I also wonder if ANY of my undergraduate classes would apply - I graduated from college 12 years ago! I guess I didn't realize how involved it would be....
I'll have to look into it a bit more. Thanks for commenting Becca! Like your catchy screen name!
From what I can tell about your personality from your posts, and from your obvious interest in and knowledge about health issues, I think you would be well-suited for such a career! I am obviously not a professional in the field myself, but all I know is that I were seeking a nutritionist I would like to go to someone like you
Good luck and please keep us posted!
Hi Lisa. I wondered if you would be able to tell me - or point me to a resource - about the academic requirements for becoming a nutritionist. Also, is there a difference between a dietician and a nutritionist?
As the boys get closer to both being in school full-time, I'm exploring options for my going back to work - maybe . I have a BA in Psychology, but have found that it is almost useless without an advanced degree. I am also trying to find something that I am truly passionate about.
Ideally, I'd like to use such a degree to help others with weight-loss program or all-around fitness program. What sorts of jobs are typically available? What's a typical salary? Anything you can share with me would be great!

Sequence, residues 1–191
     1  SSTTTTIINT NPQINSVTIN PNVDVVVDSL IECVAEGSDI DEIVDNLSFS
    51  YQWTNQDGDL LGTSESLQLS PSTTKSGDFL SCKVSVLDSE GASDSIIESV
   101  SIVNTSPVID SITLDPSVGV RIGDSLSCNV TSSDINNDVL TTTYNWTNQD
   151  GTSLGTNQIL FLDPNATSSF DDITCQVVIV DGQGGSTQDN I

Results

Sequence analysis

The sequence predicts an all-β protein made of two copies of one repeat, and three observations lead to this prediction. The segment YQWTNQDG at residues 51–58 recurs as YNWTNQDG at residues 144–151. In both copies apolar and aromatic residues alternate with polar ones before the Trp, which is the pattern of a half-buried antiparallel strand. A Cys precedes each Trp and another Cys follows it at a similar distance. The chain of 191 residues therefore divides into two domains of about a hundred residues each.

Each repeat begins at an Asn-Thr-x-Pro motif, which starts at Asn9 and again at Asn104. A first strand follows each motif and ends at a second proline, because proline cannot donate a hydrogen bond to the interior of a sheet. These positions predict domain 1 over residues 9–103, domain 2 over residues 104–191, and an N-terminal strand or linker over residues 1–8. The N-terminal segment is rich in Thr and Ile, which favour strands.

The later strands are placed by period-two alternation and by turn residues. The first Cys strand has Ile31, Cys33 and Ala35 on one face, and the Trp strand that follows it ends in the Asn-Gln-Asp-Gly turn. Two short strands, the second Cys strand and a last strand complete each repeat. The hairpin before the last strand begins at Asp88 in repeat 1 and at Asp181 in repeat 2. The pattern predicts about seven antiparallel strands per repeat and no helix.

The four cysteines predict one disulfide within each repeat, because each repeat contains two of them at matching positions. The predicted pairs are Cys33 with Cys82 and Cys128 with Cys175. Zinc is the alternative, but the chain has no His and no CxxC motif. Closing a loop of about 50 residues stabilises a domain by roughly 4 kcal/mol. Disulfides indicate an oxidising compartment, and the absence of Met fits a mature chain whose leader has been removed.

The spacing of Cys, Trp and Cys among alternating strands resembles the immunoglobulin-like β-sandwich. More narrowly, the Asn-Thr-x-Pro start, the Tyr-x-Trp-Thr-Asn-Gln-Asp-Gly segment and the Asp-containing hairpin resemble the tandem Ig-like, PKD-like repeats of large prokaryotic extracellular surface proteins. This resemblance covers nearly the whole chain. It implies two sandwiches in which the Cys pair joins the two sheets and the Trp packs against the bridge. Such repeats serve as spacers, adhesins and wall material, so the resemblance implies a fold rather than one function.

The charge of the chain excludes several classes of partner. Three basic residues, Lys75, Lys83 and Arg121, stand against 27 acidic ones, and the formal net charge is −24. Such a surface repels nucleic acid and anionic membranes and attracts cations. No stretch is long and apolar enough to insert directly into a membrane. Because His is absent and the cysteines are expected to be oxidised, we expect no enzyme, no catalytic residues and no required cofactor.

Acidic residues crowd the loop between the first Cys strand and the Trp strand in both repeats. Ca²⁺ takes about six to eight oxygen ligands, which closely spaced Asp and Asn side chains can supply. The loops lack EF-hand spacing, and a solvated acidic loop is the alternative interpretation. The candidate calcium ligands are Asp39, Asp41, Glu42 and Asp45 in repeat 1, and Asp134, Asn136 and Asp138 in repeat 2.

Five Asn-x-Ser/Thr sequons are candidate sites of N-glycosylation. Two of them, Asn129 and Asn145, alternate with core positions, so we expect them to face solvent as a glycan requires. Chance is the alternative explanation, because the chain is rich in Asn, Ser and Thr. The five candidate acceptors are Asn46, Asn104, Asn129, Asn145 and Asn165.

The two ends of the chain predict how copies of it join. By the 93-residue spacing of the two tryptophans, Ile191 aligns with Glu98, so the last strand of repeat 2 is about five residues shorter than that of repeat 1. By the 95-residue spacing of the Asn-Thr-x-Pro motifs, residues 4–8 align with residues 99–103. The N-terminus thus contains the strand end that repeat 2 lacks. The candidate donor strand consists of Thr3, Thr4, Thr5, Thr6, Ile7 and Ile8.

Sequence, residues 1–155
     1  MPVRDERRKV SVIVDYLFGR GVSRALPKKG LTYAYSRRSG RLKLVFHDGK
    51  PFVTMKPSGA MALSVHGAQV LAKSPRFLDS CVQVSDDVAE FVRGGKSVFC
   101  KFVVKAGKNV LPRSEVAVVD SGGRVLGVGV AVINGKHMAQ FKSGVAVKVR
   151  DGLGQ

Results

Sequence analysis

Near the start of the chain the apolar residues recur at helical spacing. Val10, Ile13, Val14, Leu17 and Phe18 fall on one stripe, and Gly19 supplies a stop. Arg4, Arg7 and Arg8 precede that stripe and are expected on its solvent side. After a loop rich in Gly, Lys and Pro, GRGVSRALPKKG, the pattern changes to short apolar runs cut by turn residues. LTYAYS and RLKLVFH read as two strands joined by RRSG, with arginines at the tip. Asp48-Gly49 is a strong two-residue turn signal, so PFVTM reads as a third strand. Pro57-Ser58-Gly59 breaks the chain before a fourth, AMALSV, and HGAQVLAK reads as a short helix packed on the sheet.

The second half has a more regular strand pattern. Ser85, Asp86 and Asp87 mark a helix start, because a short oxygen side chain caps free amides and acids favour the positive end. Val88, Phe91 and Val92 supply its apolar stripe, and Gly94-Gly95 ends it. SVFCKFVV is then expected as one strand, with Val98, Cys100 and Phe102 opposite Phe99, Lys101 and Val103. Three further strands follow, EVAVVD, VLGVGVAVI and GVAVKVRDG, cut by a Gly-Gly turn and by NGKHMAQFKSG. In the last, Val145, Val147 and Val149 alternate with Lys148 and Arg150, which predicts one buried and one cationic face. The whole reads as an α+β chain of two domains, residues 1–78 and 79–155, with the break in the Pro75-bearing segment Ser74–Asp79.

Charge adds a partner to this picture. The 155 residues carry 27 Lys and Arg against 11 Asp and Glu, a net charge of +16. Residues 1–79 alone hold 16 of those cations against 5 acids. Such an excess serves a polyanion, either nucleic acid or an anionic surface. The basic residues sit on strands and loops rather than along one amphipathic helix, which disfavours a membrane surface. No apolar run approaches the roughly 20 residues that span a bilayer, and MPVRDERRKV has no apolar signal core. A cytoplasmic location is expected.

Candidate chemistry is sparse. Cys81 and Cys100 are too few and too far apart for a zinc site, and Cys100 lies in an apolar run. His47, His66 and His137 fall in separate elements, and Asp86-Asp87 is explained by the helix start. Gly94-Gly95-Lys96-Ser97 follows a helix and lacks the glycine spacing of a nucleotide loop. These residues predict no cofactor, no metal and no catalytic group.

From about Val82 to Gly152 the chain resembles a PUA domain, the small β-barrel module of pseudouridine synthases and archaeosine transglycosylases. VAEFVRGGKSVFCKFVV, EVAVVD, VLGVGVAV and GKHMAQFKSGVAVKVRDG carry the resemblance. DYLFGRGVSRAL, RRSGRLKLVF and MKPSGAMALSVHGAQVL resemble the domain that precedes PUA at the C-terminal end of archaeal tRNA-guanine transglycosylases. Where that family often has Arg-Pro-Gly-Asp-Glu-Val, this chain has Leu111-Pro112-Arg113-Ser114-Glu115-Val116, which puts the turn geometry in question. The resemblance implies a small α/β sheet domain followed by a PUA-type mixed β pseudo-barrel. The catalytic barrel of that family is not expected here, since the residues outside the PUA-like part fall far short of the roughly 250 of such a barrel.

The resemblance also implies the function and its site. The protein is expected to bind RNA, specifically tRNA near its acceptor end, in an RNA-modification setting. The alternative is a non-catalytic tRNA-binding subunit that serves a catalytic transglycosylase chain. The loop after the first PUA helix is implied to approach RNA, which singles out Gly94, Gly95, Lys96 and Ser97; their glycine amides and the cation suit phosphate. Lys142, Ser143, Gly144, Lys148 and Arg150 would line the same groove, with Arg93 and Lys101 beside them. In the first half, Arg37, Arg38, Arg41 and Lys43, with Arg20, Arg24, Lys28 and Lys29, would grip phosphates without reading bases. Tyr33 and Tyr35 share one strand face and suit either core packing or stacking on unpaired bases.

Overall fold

Hi-I think that some of those college credits would definately apply! It is a pain to take all of the math and stuff, but it does sound like you really love the subject! The ADA website is really great for giving up-to-date info on all of that stuff-I'm glad that you found it. Keep me updated-I can send you my old biochem. books if you decide to go for it!!- Becca
Natasha - thanks so much for the kind words! Makes my rainy day brighter!
I'm just not sure that at 34 (not like I'm ancient or anything, but....) with two kids that I can face school again!!! I'd have to sit down with someone and have them go over my transcripts and see what kind of time would be involved.
And math - ack!!! That is NOT my strong suit. I took one course in college and had no idea what was going on! Becca - what sorts of math courses do you have to take? That really scares me....